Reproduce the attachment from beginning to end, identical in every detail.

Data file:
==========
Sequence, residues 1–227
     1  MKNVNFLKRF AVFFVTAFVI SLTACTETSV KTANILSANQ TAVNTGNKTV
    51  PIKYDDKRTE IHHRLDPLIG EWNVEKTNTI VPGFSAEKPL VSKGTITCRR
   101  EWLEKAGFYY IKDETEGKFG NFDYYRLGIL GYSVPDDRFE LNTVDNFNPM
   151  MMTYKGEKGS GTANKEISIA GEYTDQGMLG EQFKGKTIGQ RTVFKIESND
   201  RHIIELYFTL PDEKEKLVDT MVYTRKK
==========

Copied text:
Sequence, residues 1–227
     1  MKNVNFLKRF AVFFVTAFVI SLTACTETSV KTANILSANQ TAVNTGNKTV
    51  PIKYDDKRTE IHHRLDPLIG EWNVEKTNTI VPGFSAEKPL VSKGTITCRR
   101  EWLEKAGFYY IKDETEGKFG NFDYYRLGIL GYSVPDDRFE LNTVDNFNPM
   151  MMTYKGEKGS GTANKEISIA GEYTDQGMLG EQFKGKTIGQ RTVFKIESND
   201  RHIIELYFTL PDEKEKLVDT MVYTRKK